But then my weight passed the point that my doctor considered the minimum threshold for exercise, and here I am again, five years-ish after the onset of my eating disorder, lying on my bed wondering if I need to go for a run right now.

The question is not “do I want to go for a run right now.” The answer to that is a wild, resounding no. I have other things to be doing: writing that paper on King Lear, for instance, or watching another episode of Firefly from the DVDs I borrowed from a friend, or doing the laundry I’ve been putting off doing for two weeks (I really do need to do that).

No, the question is “do I need to.”

If I don’t, how much weight am I going to gain by tomorrow morning?

If I don’t, how much worse will my pants fit, considering they already aren’t going on as well as they did a month ago?

If I don’t, when will I make time to go later in the week, because I need to get my allotted days in or… or… because I need to.

If I don’t, how much faster will I be gaining weight, because it’s already coming on at a pace beyond anything I feel comfortable with, and that’s with this exercise routine in place?

Does it even matter if I do, because I’m just going to gain weight anyway because I’ve lost all control of my body?

I’ll be the first one to admit, I’m not the best at dealing with these thoughts when they come up. Eating habits, I’ve more or less got those urges down. I eat regular meals at regular times (there’s a rigidity to this that I wish I didn’t have, but if it makes me feel more safe to eat similar things at the same time each day, as long as they’re balanced, healthy meals there’s not much cause for complaint). If I’m not hungry, well, it doesn’t matter. It’s six-fifteen, so I need to go get dinner. End of story.

Image credit: hittheroadjane.com

Image credit: hittheroadjane.com

Exercise urges, on the other hand, I haven’t figured out a good way to deal with. I’m notorious for caving in, because I know it’s the only surefire effective way to get rid of the urge. If I don’t, I’ll keep nagging myself throughout the rest of the day, no matter what else I’m supposed to be doing, You should be working out right now. You should be working out. You should have worked out when you had the time. I’ll be nervous and anxious and that won’t help me eat anything healthier. I’ll be miserable for longer. Better suck it up and do it.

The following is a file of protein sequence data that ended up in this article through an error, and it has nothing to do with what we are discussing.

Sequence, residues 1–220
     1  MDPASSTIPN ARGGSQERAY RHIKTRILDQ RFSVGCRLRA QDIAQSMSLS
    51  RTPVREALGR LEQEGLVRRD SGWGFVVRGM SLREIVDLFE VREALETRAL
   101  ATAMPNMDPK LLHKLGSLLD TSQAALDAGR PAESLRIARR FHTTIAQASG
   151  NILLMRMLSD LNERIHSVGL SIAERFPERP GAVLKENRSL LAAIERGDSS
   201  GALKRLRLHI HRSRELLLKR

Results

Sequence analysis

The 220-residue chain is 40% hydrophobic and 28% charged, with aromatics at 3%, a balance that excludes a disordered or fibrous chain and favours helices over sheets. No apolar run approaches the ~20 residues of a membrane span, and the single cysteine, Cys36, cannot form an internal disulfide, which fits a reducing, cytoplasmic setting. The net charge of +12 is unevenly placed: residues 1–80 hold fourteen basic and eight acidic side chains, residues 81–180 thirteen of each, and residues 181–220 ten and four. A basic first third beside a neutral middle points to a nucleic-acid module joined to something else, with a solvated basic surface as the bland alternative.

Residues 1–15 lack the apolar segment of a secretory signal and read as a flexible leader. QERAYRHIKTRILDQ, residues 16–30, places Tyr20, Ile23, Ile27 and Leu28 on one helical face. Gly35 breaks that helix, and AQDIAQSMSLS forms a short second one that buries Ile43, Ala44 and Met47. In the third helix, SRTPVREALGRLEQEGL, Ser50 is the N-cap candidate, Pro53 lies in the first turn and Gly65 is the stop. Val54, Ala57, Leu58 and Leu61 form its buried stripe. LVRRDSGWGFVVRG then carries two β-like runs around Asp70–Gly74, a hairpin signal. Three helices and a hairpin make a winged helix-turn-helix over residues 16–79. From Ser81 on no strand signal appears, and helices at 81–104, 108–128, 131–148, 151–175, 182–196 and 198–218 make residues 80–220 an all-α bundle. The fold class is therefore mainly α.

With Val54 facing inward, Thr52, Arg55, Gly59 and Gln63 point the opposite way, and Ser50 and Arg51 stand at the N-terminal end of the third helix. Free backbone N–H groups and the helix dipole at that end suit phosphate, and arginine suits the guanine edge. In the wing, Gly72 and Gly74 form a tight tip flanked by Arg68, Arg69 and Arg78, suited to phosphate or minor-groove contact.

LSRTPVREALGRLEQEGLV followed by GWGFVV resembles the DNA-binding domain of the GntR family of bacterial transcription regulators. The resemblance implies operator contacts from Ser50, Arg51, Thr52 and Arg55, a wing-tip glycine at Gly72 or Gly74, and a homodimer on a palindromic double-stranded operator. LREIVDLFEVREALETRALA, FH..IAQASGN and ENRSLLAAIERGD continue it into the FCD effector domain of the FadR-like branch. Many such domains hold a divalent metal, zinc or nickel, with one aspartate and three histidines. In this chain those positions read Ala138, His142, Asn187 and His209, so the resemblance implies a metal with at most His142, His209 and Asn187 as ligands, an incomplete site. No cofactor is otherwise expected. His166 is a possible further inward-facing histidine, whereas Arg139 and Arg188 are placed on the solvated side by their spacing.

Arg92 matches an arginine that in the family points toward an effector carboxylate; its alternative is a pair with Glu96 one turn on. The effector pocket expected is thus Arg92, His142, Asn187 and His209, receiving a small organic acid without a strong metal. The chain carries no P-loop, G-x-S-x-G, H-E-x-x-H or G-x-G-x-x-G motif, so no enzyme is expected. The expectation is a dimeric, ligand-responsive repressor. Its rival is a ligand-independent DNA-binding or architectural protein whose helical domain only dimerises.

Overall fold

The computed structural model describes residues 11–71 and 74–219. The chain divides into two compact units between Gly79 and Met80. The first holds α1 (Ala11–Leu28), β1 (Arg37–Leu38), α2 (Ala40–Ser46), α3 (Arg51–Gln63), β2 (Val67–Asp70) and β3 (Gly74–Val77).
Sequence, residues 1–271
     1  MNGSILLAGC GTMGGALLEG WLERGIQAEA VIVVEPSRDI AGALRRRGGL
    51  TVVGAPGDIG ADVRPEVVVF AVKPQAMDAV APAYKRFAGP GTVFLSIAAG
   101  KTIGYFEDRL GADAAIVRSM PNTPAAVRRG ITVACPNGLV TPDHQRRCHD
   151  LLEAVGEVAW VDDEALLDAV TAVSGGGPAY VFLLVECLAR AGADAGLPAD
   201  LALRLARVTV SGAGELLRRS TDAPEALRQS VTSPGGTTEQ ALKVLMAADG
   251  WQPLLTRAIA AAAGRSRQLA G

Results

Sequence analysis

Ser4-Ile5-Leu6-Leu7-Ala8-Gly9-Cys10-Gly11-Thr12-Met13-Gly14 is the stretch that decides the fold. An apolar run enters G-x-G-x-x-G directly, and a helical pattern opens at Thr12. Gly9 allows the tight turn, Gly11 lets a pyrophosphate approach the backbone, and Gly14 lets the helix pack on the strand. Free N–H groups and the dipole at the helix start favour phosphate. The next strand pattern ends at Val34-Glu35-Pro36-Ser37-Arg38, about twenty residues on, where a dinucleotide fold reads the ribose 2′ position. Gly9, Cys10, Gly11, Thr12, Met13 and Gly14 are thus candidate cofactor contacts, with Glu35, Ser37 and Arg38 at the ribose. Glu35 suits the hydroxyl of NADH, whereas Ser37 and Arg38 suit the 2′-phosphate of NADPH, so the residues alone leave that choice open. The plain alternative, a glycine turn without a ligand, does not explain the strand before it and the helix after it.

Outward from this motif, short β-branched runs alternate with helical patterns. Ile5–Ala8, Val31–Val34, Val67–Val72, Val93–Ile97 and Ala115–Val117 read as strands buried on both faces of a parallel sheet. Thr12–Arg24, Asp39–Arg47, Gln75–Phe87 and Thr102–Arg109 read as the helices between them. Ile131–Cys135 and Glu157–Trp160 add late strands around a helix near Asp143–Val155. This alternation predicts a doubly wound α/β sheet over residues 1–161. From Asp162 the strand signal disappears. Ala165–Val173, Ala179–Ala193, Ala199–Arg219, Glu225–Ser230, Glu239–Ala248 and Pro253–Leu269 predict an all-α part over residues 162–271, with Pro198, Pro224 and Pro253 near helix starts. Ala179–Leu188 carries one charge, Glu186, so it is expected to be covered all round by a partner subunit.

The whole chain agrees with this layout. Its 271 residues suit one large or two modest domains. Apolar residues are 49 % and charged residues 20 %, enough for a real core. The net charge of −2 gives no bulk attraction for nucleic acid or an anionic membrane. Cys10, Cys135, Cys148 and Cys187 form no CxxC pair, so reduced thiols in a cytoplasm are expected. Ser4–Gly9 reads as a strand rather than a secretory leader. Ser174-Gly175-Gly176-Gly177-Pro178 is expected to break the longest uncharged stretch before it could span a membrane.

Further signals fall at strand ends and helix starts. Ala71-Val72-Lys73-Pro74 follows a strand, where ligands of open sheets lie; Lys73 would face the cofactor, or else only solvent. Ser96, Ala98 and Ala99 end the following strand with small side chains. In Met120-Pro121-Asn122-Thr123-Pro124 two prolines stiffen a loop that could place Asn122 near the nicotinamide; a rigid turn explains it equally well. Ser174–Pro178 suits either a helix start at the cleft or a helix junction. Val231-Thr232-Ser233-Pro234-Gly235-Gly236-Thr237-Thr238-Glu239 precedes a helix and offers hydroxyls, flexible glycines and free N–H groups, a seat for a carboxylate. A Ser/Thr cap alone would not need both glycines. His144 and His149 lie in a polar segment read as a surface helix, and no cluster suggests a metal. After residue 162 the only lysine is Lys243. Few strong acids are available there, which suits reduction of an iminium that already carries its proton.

I might not know how to deal with this self-imposed pressure, but I do know that it is not true.

Exercise should be an opportunity to celebrate one’s body. If I’m going to move my body, it should be to make it feel strong, healthy, happy, loved, worthwhile. I should do it because I want to, and because I enjoy it. Exercise should not be a punishment, a miserable endeavor done mostly to avoid sitting paralyzed on the couch with one running shoe in hand.

There is nothing moral about exercise. People who work out regularly are not any better people than those who prefer leisurely walks to class and a few flights of stairs to their dorm rooms at the end of the day. The only reason I need to be in tip-top fighting shape is if I need to wrestle a saber tooth tiger on a regular basis, and I’m not planning on it. Fitness is great if it’s done for health and enjoyment, but when you think about it objectively as the lovely folks at Libero Network did, is fitness really that big of a deal?

If anyone out there has tips for overcoming exercise guilt and compulsion, I’d love to hear your strategies. For now, I’m learning to sit with the feeling that I’m not currently running a marathon, that there are some squishy bits to me that weren’t there a few months ago, that there will always be girls on this campus who are thinner than me and who run faster and farther and longer than me, and that this is okay.

Because if I’m not going to accept my life choices and my body, who the hell else is?